I am very happy to see that hiking/camping/canoeing is not ALWAYS about the lightest weight, the most miles or the greatest views. It is also about the time in camp. I don't hike more than ten hours in any one day. That leaves about 14 hours in camp to do the things that add comfort and relaxation to my outings. A twenty-forty minute cook time is about right for making supper. There is no hurry.
The Mac & Cheese looks real good. I'll have to try that this weekend.
I'll swap you, here is one I use:
I never thought of fry-baking as anything more than simply frying. One of my favorites is fried biscuits. A small ammount of relativly dry dough is made (usually a 1/4 cup of bisquick is enough for one) with a squirt of olive oil. This is flattened (rather thin, no more than 1/2") and dropped into my heated and oiled (~1 tsp olive oil) pot. This is cooked on very low, as you mention, with the top on. Often, I will use a piece of aluminum extra-large foil over the pot, sort of like a "top hat" or "turkish fez" to hold a more even heat. It rarely sticks badly, but, my spoon acts as a spatula, if it does. The trick is to swirl the bisquit in a hot pan with the hot oil as you put it in, as you mention. 5-8 minutes later I flop it to the other side to brown. I often make a trail stew/soup right after, it cleans up the pan very well if it does stick a bit, and, picks up any oil left in the pot.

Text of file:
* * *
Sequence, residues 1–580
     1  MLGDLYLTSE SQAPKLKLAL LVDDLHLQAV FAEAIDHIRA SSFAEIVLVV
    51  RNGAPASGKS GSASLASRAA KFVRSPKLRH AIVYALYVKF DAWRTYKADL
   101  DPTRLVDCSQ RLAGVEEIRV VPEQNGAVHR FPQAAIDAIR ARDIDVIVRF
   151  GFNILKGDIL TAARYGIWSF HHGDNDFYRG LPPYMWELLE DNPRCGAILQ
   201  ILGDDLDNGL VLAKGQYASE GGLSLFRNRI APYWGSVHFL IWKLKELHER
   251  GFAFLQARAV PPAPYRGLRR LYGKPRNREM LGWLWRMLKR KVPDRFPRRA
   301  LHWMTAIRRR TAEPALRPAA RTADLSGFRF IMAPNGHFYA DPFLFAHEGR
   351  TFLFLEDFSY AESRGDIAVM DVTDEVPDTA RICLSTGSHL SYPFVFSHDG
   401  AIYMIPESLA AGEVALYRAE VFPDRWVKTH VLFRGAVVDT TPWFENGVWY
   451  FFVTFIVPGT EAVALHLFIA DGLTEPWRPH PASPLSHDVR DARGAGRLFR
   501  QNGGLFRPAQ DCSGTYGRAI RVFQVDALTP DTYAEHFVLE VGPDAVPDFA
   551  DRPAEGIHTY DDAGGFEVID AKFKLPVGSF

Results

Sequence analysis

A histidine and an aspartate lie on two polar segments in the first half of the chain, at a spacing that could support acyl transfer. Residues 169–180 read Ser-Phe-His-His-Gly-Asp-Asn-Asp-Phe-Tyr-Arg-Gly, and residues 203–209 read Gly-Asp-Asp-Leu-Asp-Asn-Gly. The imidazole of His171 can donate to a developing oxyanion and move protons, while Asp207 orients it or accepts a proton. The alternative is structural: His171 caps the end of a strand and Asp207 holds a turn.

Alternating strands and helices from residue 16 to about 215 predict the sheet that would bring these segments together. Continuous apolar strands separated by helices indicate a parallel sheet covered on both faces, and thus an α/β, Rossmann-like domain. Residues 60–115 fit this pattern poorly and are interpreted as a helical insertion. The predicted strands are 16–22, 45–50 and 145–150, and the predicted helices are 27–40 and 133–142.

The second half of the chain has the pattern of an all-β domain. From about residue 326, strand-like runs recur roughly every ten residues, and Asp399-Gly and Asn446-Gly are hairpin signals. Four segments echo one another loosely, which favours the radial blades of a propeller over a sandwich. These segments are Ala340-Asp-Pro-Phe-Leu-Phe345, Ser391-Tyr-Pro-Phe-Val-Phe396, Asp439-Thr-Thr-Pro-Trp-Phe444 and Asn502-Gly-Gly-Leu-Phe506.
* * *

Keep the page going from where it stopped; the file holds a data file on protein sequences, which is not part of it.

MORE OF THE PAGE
This forms the basis for all sorts of goodies on the trail. Cinnimon & sugar make desert or a breakfast "roll." A tablespoon of cocoa folded in the center makes a different, but tasty, roll. Sometimes I make fritters from rehydrated veggies for lunch, but they rarely make it to lunch...more like an evening snack. Adding diced meats (salami, peperoni) makes a good meal. Cheese is always good. A stick of mozzerella rolled un the center adds a lot of flavour. Parified butter usually gets squirted on, both for flavour and calories. Dunking in coffee or cocoa is not allowed, ha, ha.
Suppers may take a while, compared to "boil and dump" and I go through an extra half ounce of fuel cooking both, accounting for my rather large fuel usage. Hey, without a few luxuries... Cooking outdoors makes everything taste better. My stomach can attest to that!